A Tulare County groundwater agency on the hot seat for helping sink the Friant-Kern Canal holds private tours for state regulators

April 8, 2024
Lisa McEwen, SJV Water
by Lisa McEwen, SJV Water
State Water Resources Control Board members took tours of the Eastern Tule Groundwater Sustainability Agency. Clockwise: Board Chair Joaquin Esquivel; Board Member Nichole Morgan; Board Member Laurel Firestone; Board Member Sean Maguire; and Vice Chair Dorene D'Adamo. SOURCE: Water Board website
Lisa McEwen, SJV Water
Lisa McEwen, SJV Water


Employing a lobbyist or firm isn’t uncommon among water agencies.

Though most groundwater sustainability agencies facing probationary hearings at the state Water Resources Control Board have tried to make their case to the state themselves or through engineering or hydrology consultants.

According to financial documents, the Eastern Tule Groundwater Sustainability Agency budgeted $80,000 for “state advocacy services” in the 2023-2024 fiscal year. By April 2024, it had spent 69% of that, or about $59,000.

A memorandum in the Eastern Tule GSA board of directors packet states: “Since being brought on board, Nossaman has worked closely with the GSA to identify our advocacy goals, initiate discussions with State Board Members, and update our State Legislative Delegation.”

Eastern Tule general manager Rogelio Caudillo said the lobbying firm Nossaman LLP was retained to “assist ETGSA in its relationship with the state board, ensuring that the agency has an effective voice throughout the process.”

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As the date of reckoning for excessive groundwater pumping in Tulare County grows closer, lobbying by water managers and growers has ramped up.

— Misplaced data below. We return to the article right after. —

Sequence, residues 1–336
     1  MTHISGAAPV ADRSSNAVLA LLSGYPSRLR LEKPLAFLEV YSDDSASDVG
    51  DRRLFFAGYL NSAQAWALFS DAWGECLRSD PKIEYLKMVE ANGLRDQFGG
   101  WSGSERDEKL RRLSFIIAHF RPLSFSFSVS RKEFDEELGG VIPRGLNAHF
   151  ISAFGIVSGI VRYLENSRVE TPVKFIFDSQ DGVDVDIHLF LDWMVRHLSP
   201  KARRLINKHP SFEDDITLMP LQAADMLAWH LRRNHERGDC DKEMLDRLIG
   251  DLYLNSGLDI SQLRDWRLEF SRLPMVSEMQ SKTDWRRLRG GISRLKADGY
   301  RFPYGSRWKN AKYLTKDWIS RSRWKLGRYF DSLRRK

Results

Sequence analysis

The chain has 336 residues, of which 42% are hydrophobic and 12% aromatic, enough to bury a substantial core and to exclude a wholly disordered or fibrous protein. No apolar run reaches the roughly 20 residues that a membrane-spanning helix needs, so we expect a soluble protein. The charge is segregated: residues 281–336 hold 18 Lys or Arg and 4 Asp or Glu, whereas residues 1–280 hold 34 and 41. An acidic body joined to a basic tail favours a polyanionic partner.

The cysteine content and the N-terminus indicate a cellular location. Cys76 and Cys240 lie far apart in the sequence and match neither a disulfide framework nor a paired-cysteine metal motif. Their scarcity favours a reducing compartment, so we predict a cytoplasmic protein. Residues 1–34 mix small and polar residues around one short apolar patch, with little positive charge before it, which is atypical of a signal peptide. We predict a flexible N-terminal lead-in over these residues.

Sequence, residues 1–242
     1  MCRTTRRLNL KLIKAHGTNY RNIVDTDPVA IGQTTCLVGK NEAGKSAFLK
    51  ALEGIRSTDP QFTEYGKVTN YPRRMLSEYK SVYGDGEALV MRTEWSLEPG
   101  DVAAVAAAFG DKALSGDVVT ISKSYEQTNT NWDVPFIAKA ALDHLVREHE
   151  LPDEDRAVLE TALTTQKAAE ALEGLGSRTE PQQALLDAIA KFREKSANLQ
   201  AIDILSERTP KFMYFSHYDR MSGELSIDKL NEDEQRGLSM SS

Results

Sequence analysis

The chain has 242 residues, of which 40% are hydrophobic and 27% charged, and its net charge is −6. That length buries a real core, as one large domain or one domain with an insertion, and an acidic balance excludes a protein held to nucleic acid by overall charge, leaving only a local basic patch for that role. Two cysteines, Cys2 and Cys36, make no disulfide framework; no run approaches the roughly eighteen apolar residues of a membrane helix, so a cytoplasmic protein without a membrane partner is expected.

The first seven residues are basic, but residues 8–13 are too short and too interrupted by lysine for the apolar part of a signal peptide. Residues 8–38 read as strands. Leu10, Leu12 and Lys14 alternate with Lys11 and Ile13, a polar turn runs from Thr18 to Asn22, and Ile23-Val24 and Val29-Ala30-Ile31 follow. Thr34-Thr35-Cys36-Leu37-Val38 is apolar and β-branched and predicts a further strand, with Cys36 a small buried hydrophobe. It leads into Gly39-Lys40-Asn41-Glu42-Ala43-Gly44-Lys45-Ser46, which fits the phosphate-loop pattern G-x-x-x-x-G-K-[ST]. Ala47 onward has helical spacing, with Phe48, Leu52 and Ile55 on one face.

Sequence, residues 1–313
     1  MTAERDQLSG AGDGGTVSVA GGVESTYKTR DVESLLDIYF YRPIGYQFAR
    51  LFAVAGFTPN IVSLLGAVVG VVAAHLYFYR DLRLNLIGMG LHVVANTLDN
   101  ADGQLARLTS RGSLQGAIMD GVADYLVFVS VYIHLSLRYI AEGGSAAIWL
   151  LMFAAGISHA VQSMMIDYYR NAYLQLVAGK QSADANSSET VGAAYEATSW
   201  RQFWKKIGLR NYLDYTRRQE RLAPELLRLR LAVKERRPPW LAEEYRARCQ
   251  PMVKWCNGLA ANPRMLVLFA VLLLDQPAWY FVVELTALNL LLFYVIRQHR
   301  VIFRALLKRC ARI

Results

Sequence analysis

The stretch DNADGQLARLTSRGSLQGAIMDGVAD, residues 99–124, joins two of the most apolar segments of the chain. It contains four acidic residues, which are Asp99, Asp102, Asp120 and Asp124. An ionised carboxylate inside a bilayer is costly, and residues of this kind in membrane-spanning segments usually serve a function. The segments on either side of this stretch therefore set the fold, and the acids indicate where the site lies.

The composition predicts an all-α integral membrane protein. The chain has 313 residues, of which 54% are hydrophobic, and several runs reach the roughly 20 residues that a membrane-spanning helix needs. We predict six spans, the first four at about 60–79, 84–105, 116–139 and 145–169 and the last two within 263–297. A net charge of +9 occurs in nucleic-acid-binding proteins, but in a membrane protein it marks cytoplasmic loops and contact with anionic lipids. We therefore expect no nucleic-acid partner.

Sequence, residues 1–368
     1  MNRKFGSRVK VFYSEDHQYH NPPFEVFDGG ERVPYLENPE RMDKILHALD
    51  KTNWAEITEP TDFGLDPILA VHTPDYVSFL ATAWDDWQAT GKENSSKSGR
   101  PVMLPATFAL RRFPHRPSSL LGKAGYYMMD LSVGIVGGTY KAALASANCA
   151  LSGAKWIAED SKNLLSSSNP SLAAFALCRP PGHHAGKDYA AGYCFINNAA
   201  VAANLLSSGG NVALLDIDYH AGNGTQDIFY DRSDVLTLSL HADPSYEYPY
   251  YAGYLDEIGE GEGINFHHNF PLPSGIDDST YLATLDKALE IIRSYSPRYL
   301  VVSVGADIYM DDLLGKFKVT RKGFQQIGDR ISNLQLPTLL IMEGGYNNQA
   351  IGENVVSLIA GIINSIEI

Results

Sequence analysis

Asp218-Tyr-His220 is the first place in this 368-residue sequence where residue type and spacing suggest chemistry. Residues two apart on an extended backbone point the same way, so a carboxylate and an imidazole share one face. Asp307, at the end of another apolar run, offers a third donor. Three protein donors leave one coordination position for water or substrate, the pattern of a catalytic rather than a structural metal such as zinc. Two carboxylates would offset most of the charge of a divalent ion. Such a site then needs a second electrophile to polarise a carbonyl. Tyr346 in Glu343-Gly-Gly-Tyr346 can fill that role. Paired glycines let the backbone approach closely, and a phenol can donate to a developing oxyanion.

The Friant Water Authority, desperate to protect its newly rebuilt –  yet still sinking – Friant-Kern Canal, has beseeched the Water Resources Control Board to get involved. Specifically, it has asked board members to look into how the Eastern Tule Groundwater Sustainability Agency (GSA) has, or has not, curbed over pumping that affects the canal.

Meanwhile, the Eastern Tule groundwater agency has been doing a bit of its own lobbying. It recently hosted all five members of the Water Board on three separate tours of the region, including the canal. Because the tours were staggered, there wasn’t a quorum of board members, which meant they weren’t automatically open to the public.

There are six groundwater sustainability agencies in the Tule subbasin

SJV Water asked to attend and a spokesman for the Water Board said that was fine with the state. But Eastern Tule’s lobbying agency, Nossaman LLP, said no.

The firm said the tour was “a technical tour with the GSA and not a tour that is open to the public.” 

“The goal was for board members to see the amount of work conducted and progress of the GSAs that has happened since 2022,” Eastern Tule General Manager Rogelio Caudillo wrote in an email.

The tours were held Feb. 28 with board members Laurel Firestone and Nichole Morgan; March 8 with Vice Chair Dee Dee D’Adamo; and April 8 with Board Chair E. Joaquin Esquivel and  board member Sean Maguire. 

When asked what they did, Blair Robertson, Water Board public information officer, said members went on a driving tour of the subbasin followed by a roundtable discussion. 

“Board members were able to see part of the reconstruction of the Friant-Kern Canal due to subsidence damage, as well as recharge basins and locations for future recharge basins,” Robertson wrote in an email. 

That didn’t sit well with Johnny Amaral, chief operating officer of Friant Water Authority, which manages the canal on behalf of the Bureau of Reclamation and is in the middle of rebuilding portions that sank.